“We’re having a basket raffle, all donated by different people in the community,” said Bella’s Mother and the Massachusetts State Chapter Director for the Pediatric Hydrocephalus Foundation, Denise Sacharczyk. “We have a bounce house and food. We had the radio station was here today and we’re just raising money for Hydrocephalus for the awareness of Hydrocephalus and for the research.”
         Since Bella has been diagnosed with the condition, she has had twenty-three brain surgeries and countless hours of physical therapy to learn how to walk again. 
         If you want to know more about the condition, visit http://www.hydrocephaluskids.org

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    PHF In The News: Easthampton fundraiser raises money for research into debilitating condition

    May 13, 2017 by  
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    bingophf

    EASTHAMPTON, Mass. (WWLP) – One Hampshire County parent prays that one day science finds a cure to the disease that’s afflicted her daughter since birth.

    Denise Sacharczyk of Westhampton organized a fundraiser Sunday at the American Legion Post 224 in Easthampton. Her daughter suffers from Hydrocephalus, or as it is more commonly called, “water on the brain.”

    Sacharczyk told 22News, “My daughter has had 23 brain surgeries because of that. She lives with chronic pain, any day not being able to walk. A couple of times, she’s had surgeries and learned to walk all over again.”

    Sacharczyk is active in the Pediatric Hydrocephalus Foundation on behalf of her daughter and other young people suffering from “water on the brain.”

    It’s estimated that out of 1,000 newborns, two will be afflicted by this disabling condition.

    Source:

    PHF In The News: Westhampton mother, daughter raise money for medical research

    September 23, 2016 by  
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    WESTHAMPTON — When Isabella Sacharczyk was about a month old, she was diagnosed with hydrocephalus, an incurable condition known as “water on the brain.” Doctors told her parents she would not be able to walk, talk, hear or see, and recommended that Isabella be put in a home for children with those disabilities.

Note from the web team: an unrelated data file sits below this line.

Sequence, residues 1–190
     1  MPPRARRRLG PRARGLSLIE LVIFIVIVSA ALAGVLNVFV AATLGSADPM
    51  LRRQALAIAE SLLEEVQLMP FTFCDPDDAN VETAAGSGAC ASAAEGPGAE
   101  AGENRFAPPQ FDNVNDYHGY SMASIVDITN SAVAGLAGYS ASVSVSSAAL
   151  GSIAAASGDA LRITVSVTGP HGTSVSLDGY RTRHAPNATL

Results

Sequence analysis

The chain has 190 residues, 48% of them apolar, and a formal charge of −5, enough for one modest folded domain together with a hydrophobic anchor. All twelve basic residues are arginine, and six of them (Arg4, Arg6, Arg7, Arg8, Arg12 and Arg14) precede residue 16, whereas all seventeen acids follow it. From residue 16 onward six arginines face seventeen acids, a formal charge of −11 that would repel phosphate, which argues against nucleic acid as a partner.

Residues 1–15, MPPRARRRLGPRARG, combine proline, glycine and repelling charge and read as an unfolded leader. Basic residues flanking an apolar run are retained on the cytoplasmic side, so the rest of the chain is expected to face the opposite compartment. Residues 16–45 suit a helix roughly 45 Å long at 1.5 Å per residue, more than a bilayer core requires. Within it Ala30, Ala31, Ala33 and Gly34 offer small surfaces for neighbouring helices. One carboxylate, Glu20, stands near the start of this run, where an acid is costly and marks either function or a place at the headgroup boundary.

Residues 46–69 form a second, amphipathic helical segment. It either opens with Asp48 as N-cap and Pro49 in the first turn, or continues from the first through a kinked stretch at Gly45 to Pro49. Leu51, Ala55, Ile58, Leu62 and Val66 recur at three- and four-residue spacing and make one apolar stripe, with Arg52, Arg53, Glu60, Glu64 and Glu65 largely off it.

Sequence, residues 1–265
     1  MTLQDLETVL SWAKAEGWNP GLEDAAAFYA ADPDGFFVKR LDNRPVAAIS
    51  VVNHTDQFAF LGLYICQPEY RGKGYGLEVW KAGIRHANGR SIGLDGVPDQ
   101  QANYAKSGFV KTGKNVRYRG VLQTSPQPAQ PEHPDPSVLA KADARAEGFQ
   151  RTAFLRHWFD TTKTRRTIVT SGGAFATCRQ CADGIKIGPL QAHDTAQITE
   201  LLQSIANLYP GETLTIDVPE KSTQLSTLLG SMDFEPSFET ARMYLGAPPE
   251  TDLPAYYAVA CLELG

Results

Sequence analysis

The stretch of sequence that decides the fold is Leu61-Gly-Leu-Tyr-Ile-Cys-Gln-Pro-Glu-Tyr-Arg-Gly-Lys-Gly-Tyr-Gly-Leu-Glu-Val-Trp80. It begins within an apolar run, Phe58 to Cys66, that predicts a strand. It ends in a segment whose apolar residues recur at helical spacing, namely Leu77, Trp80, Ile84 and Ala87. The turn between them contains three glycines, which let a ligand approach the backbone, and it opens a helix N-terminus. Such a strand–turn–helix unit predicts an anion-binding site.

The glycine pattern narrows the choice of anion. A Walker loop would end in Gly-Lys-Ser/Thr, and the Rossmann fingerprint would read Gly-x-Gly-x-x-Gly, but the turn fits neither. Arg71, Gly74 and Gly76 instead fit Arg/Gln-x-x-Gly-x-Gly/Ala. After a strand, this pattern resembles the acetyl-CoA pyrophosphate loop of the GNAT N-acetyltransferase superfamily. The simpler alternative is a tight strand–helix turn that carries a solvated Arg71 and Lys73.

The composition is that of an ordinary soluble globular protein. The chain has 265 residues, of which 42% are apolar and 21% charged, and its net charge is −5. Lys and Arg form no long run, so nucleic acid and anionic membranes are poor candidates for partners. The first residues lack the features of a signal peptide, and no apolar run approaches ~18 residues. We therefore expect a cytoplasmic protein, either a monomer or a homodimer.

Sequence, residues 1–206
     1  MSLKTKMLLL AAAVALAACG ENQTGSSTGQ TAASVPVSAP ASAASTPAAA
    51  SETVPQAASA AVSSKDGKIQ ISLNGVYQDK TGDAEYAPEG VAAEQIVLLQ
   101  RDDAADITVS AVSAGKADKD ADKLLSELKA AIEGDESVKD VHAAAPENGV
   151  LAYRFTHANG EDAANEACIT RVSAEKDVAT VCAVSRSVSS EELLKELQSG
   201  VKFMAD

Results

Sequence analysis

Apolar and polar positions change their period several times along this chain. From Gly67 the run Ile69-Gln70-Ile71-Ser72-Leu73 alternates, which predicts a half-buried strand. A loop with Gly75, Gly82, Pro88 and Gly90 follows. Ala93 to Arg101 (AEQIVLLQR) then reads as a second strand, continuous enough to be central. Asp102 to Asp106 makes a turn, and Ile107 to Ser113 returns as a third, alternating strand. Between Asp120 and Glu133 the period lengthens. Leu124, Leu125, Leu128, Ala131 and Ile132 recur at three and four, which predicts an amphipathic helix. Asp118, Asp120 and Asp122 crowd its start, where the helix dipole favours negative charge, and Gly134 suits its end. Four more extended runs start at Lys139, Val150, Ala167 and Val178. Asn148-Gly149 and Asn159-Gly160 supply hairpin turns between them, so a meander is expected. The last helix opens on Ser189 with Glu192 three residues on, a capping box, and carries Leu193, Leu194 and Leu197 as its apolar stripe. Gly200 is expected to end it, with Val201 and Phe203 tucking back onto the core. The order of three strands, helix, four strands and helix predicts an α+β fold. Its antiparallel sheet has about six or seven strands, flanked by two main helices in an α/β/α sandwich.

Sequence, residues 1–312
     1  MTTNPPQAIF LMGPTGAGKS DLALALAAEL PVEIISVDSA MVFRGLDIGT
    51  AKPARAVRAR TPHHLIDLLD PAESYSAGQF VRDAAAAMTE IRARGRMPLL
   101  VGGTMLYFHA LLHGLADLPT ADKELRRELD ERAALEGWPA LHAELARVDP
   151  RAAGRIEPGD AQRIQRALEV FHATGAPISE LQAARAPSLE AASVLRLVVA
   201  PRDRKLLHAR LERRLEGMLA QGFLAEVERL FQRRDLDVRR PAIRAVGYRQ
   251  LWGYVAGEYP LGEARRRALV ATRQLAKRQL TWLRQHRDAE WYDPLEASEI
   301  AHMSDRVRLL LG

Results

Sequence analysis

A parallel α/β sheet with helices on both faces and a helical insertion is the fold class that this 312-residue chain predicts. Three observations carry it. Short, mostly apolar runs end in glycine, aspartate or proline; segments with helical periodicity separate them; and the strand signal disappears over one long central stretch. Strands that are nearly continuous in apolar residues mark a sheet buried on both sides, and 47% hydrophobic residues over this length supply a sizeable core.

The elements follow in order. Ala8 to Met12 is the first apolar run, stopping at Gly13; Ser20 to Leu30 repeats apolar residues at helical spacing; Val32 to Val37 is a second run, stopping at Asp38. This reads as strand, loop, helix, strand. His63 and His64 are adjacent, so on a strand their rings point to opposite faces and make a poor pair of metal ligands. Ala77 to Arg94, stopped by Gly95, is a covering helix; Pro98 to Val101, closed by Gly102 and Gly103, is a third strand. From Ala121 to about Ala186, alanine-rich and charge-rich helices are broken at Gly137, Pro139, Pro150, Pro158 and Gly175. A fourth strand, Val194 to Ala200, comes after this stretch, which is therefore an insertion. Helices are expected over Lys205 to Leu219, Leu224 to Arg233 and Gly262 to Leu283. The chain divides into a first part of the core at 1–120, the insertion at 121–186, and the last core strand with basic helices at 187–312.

“We chose not to,” her mother Denise Sacharczyk said. “We were going to do whatever we had to do to give her the best quality of life.”

    Today, 18-year-old Isabella is a senior at Hampshire Regional High School. She is ranked 16th in her class with a 3.95 grade point average and aspires to become a medical researcher.

    To raise awareness and money for hydrocephalus research, Isabella and her mother are hosting a fundraising walk at Hampshire Regional High School from 10 a.m. to 1 p.m. Saturday through the nonprofit Pediatric Hydrocephalus Foundation.

    After searching for a support group, about three years ago, Isabella and Denise became involved with the organization, and now head the Massachusetts state chapter. Last year, the mother and daughter hosted their first walk at the high school. About 80 people attended and the event raised about $6,000.

    The cause of hydrocephalus can vary person to person.

    Isabella’s hydrocephalus was due to damage from E. coli meningitis and a related stroke.

    A shunt is surgically placed to drain fluid from the brain and release pressure. Isabella has two of the devices which move fluid from one part of the body to another.

    “Pretty much the shunt saves her life,” Denise said. “Without it she would die.”

    Isabella has had 23 brain surgeries due to malfunctions or complications related to the shunt, with six of those surgeries were in 2011.

    “One in three shunts don’t make it six months,” before malfunctioning, Isabella said. “So the odds aren’t great.”

    After one surgery in 2013, Isabella had to learn how to walk again.

    “She could be perfectly fine today and tomorrow she could be in the emergency room,” her mother said.

    Isabella has trouble with fine motor skills, walks with a cane and experiences headaches on a daily basis. She cannot take notes in school and her memory is not great, but she spends hours studying at home, using notes provided by her teachers.

    For exercise, Isabella rides a tricycle, though she joked that she “managed to fall off.” Her mother bought a matching one to go on rides with her daughter.

    “I don’t let my condition hold me back,” Isabella said.

    The “Funding a Cure for Hydrocephalus” walk on Saturday will feature a bounce house, music, concession stands and a raffle. Students can volunteer at the event for community service hours.

    To register or donate, visit active.com/donate/phfwalkma2016.

    Source: